Brokers and Purchasers – Make it a “Bona Fide” Relationship (Part 1 of 2)

Author:  Bill McEachern

Okay, so you’re the buyer and you signed the contract of purchase and sale, and you’re moving toward closing.  And somewhere along the way, the broker mentions something about the property, about a competing claim or interest in the title, that you really didn’t want to hear. So, you don’t really hear it.  The public records don’t reflect the claim or interest. So, you don’t act on it. You don’t follow-up. You just ignore it.  Ignorance is bliss, right? So, almost ignorance is almost bliss, right? Well, no. There’s just no bliss here at all. Allow me to explain, using a scenario from a recent court decision.

The Laubhans were not happy about the cell tower going up next door on property owned by Mr. Harkless.  So, they contracted to buy the property, and they ultimately did acquire title to the neighboring property.  But they did not stop the cell tower.  They knew the property they purchased would be subject to a cell tower lease and to an easement benefitting Mr. Harkless. This was in the public records. But there was nothing in the public records about anyone else getting the rental income from the cell tower lease. So, the Laubhans expected the rental income. And they claimed that the rental income from the cell tower lease should belong to them.  Mr. Harkless, the prior owner of the property, disagreed. He claimed the continuing right to the rental income from the cell tower lease even after he sold the property.  So, the parties headed to Court.

And the Court decided, and the decision was ultimately for Mr. Harkless. He no longer owned the property, but he did have the easement.  And he got to keep the rental income from the cell tower lease.  How could this be?  The recorded documents did not reflect that the rental payments from the cell tower lease belonged to the prior owner. But, of critical importance, the broker had mentioned to the purchasers, the Laubhans, that under the lease agreement, Mr. Harkless would continue to keep the rental income.  Because the broker told them this before closing, they could not claim to be “bona fide purchasers” without notice or “BFPs”.  Nope. They had notice – at least enough notice that they could not prevail. Only BFPs could prevail against the unrecorded claim and interest in the property – in the rental income from the cell tower lease. And they were not BFPs.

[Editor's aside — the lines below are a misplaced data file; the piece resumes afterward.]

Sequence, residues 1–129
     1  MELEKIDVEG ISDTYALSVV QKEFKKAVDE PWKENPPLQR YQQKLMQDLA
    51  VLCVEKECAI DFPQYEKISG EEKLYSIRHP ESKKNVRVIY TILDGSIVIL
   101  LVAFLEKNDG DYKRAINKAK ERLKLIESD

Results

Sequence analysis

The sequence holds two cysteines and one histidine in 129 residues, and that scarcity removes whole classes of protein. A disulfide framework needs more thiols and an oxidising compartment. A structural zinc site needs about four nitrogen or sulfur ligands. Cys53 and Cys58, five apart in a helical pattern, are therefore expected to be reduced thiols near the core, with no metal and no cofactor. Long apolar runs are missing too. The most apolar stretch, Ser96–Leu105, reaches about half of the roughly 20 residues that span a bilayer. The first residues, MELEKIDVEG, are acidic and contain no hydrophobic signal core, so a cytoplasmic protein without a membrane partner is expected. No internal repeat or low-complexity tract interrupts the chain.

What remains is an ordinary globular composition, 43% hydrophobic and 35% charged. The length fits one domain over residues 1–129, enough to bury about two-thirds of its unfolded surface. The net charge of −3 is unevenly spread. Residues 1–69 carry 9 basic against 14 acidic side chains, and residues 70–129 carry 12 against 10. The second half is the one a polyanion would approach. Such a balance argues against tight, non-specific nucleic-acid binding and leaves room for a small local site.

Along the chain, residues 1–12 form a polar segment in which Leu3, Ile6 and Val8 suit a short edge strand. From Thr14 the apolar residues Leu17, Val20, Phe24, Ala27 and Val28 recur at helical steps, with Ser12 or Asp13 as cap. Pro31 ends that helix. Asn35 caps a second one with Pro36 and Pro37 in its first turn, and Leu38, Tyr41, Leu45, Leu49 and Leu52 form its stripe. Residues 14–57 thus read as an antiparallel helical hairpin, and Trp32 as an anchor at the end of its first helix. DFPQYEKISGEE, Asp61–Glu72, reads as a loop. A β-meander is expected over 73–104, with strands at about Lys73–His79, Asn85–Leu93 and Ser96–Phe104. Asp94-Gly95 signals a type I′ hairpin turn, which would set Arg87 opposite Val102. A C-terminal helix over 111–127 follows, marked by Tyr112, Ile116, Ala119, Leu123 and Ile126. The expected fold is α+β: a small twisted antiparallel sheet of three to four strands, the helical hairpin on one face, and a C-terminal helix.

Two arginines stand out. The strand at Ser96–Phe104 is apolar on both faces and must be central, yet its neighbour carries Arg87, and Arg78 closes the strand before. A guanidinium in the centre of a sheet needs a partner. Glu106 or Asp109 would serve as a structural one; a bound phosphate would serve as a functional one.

The appellate decision is recent, namely, Harkless v. Laubhan, Case No. 2D18-3224 (Fla. 2d DCA, July 10, 2019). The lower court found for the Laubans; the appellate Court reversed. The facts are critical. The cell tower lease was not recorded, but a Memorandum of Lease was recorded. The memorandum, however, did not indicate that the continuing right to the rental income would belong to Mr.  Harkless, even if he sold the property. Nonetheless, the Laubans were aware of Mr. Harkless’ claim under the lease to the rental income – at least aware enough such that they were stuck with that arrangement.

The appellate Court first confirmed that the Laubans did not have actual notice or personal knowledge that the rental income would continue to be paid to Mr. Harkless even after he sold the property. Because the lease was not recorded, they also did not have “constructive notice” of this provision of the lease. But, they had “implied notice” of the rental income payment provision, because the broker told them. Once the broker told them that the cell tower lease provided that the rental income would continue to be paid to Mr.  Harkless, then the Laubans knew enough that they should have inquired further. They then were under a duty – they should have asked for a copy of the lease. They should have done more than they did. Maybe they could have canceled the contract or refused to close. But they did very little, and certainly not enough, according to the appellate Court.

A quick note on BFPs. To qualify, you need to obtain legal title (usually an easy one to satisfy), pay value for the property (usually you satisfy this requirement as well), and have no knowledge of the claimed interest against the property at the time of the transaction (it is here where the problems arise).  Knowledge means more than just actual knowledge; it includes “construction notice” (because the claimed interest is recorded) and “implied notice”.  Someone – an authoritative source – can mention a claimed interest in the property to a buyer before closing (even in an informal conversation) and suddenly the world, at least the legal world, changes. The buyer is on notice – implied notice – and then has a duty to inquire further. And if the buyer fails to do so, it is at the buyer’s peril.

So, keep it bona fide. And if you as a buyer hear something about the title to the property you wish to buy, either from the broker or from another reputable source, then ask questions, get all the relevant documents,  whether the relevant documents are recorded or not, and learn all there is to know about the title.  Be informed.  Perhaps when you learn more, you decide not to buy, but if you do buy, know what you’re buying.

In part 2 of this discussion, we will briefly suggest some ideas for brokers to consider in this area.  And we will consider the lasting ramifications if you fail to qualify as a BFP. In short, if you as the new owner cannot qualify as a BFP, then successor owners most likely will not be BFPs.

 
 

Bill’s experience includes but is not limited to commercial law transactions and litigation; asset-based lending, asset sales, and leasing; business sales; corporate, partnership, and LLC matters; and bank and lender representation.

To learn more about Bill, click here.